I should be forthright and tell you that I do not believe the Bible or any other religious text should be the basis for current laws or practices, nor should any system of morality be imposed on a democratic country or population. While the opposition to religion in government during the founding of this country is not as clear-cut as come would like to insist, it is very much the case that it was deemed inappropriate to require anyone to adhere to a certain text or system of beliefs as a prerequisite for remaining lawful (Levy, 79-93). It is therefore reasonable to suggest that, while the Bible might contain logical reasons that prohibit abortion, no purely moralistic supposition or theological imperative would be a convincing source of law or behavior. Be that as it may, there are some specific elements of your Biblical argument that strike me as misguided, and if you will indulge me I'd like to raise a few of those points.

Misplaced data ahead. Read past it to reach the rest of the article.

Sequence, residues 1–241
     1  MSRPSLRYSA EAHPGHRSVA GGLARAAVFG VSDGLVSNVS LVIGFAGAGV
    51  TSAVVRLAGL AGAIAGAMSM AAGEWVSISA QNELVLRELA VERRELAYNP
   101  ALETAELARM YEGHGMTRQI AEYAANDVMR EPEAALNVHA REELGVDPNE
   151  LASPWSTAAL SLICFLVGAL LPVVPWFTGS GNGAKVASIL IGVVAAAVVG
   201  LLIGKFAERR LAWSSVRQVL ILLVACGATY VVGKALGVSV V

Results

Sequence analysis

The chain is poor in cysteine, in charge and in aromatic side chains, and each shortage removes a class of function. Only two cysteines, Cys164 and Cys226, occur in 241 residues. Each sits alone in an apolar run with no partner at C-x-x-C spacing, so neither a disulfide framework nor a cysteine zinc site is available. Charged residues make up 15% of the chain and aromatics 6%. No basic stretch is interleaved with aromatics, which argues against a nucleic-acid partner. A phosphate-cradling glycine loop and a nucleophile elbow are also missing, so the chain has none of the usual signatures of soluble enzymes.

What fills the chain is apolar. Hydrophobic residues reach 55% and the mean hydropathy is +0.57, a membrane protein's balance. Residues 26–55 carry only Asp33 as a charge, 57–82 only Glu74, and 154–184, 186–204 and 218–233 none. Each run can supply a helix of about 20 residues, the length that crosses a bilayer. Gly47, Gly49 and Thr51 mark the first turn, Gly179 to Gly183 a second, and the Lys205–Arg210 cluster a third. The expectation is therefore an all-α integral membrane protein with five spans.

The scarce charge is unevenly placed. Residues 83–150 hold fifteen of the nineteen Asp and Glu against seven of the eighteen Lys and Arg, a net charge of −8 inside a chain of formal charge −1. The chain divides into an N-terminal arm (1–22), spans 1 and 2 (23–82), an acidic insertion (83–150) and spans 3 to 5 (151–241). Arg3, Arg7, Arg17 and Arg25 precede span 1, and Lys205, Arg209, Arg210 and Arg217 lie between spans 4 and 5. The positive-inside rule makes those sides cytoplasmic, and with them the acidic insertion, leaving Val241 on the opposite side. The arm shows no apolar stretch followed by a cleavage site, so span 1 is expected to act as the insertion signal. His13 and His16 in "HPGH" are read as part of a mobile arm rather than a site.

The first of these points is actually the first of your arguments, when you conclude that the reason the Bible does not actually say anything about abortion directly is because it was such an unthinkable act of sin that it did not even need to be addressed. Your arguments that support this conclusion are quite concrete, as indeed childbirth is seen as holy and childlessness arises several times in the Bible in a negative light, however there are other acts that are explicitly sinful and would have been seen so at the time -- that would have needed no mention, it would seem, and yet that are mentioned. The prohibition against murder is given several times, in fact, and as the first major sin outside of the Garden of Eden (when Cain slays Abel) is certainly something people knew to be wrong; how is this compatible with the notion that some sins are "so great" that the do not need to be mentioned (Exodus 20:13; Deuteronomy 5:17; Genesis 4:8). Wouldn't murder and adultery be on the list of automatically known sins, as well? Life is definitely considered sacred in the Bible, as you go on to define and defend in great detail, but why then is murder explicitly mentioned as a sin while abortion is not? Children are perhaps considered more scared than other lives, but there are instances of children being killed at the behest of God, so how can this automatically be known to be a grievous sin (1 Samuel 15:3)?